- Finally, every failure, especially those causing low MTBF values, should be analyzed to determine the “root cause”, and the cause corrected. This is the only way to truly improve the facility MTBF rate, reduce maintenance costs, and improve pump system availability. The above recommended pump records and a person knowledgeable in pump troubleshooting are key to finding a true root cause.
Preventive Maintenance Improvement Actions
Now that we have pointed out the most likely pump components to fail, we need to identify the preventive maintenance actions we can take to improve their reliability? The weakest link in most pumps is the mechanical seal. The following preventive maintenance actions are recommended to prevent mechanical seal failures:
- Check for seal leaks on a regular basis.
- Check the pump flow rate to insure that the pump is not operating at too low or high of a flow rate. See December 2007 column for more guidance on the impacts of operation outside of the pump preferred and/or allowable operating ranges.
- Check pump vibration periodically to insure that it is not excessive. Normally, attention should be given to a pump when the all-pass vibration amplitude increases by a factor of two compared with the as-new readings. Figure 3 indicates the impact that vibration can have on pump life. See the June 2008 column for further details on pump vibration analysis.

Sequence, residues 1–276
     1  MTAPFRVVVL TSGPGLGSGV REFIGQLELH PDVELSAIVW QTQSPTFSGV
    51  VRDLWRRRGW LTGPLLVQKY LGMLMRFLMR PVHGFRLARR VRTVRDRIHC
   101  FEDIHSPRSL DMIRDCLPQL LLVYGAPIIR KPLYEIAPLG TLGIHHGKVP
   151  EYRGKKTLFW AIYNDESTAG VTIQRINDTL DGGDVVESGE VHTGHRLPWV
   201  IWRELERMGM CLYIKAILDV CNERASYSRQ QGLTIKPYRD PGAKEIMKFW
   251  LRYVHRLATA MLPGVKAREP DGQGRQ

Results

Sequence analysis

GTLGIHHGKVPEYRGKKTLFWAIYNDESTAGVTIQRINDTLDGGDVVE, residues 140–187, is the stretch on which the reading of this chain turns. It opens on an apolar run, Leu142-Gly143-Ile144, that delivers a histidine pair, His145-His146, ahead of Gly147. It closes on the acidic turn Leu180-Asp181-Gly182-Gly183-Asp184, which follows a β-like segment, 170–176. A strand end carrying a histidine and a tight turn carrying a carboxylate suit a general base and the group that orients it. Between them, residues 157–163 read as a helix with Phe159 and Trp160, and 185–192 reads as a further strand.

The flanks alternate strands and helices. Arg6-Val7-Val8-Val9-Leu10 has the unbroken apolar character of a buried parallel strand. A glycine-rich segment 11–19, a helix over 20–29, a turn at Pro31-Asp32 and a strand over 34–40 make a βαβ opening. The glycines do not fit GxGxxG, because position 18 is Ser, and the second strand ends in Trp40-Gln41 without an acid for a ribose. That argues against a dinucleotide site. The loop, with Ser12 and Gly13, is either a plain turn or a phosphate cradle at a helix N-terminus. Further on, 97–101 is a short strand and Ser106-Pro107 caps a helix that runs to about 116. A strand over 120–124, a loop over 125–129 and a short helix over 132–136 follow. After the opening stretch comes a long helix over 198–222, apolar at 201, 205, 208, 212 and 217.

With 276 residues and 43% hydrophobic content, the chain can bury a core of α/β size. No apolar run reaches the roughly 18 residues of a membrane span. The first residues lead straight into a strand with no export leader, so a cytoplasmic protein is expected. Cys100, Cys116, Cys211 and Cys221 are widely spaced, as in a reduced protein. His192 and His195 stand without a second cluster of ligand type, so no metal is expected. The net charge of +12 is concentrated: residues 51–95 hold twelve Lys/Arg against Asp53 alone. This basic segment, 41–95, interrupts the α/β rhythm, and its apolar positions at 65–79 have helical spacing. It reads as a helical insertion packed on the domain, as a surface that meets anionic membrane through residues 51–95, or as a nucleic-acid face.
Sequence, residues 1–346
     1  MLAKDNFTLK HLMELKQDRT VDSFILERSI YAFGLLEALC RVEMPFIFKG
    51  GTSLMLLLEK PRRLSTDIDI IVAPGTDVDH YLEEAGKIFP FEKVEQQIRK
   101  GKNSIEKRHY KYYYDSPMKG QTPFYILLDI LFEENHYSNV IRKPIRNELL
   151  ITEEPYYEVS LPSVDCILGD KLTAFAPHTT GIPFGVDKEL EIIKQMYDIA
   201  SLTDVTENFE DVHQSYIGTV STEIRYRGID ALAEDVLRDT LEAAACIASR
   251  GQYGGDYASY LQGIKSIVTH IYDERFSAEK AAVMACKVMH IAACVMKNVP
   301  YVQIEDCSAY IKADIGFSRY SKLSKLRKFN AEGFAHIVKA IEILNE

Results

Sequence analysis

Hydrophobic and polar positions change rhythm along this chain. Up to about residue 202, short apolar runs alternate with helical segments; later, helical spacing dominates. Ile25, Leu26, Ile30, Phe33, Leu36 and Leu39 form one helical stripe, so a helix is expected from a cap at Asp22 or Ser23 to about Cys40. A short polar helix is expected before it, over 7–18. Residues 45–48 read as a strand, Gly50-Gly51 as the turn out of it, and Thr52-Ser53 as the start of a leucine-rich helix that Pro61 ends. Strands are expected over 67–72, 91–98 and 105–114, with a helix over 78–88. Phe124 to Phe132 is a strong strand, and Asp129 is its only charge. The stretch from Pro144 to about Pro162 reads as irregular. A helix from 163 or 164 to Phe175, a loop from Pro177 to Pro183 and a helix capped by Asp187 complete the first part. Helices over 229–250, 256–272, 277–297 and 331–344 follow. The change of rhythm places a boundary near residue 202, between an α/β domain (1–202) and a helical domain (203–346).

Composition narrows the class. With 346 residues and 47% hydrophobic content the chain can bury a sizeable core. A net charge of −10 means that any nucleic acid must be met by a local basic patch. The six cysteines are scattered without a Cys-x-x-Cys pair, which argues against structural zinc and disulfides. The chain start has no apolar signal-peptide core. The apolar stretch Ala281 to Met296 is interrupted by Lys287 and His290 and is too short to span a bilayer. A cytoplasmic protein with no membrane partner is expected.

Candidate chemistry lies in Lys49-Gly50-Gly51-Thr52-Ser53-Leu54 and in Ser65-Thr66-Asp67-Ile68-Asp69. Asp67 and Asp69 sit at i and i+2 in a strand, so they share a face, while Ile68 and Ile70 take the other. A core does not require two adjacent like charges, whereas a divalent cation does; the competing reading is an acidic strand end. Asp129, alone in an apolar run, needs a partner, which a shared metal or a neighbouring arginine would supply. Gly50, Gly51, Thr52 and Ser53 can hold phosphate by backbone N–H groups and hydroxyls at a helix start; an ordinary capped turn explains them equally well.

- Take care when replacing a mechanical seal to insure that all settings meet factory specifications, and that none of the static seal surfaces have been damaged. If possible, install a cartridge seal to minimize these installation issues.
- Insure that the pump does not ingest air, or experience significant cavitation, which can cause the seal faces to run dry and fail.
Recommended Lube Oil Change Frequency
There are also many actions that can be taken to improve bearing life, since most bearings do not fail due to metal fatigue (L10 life), but instead fail due to poor lubrication, contamination, misalignment or assembly issues. The following actions can help improve the life of the pump bearings: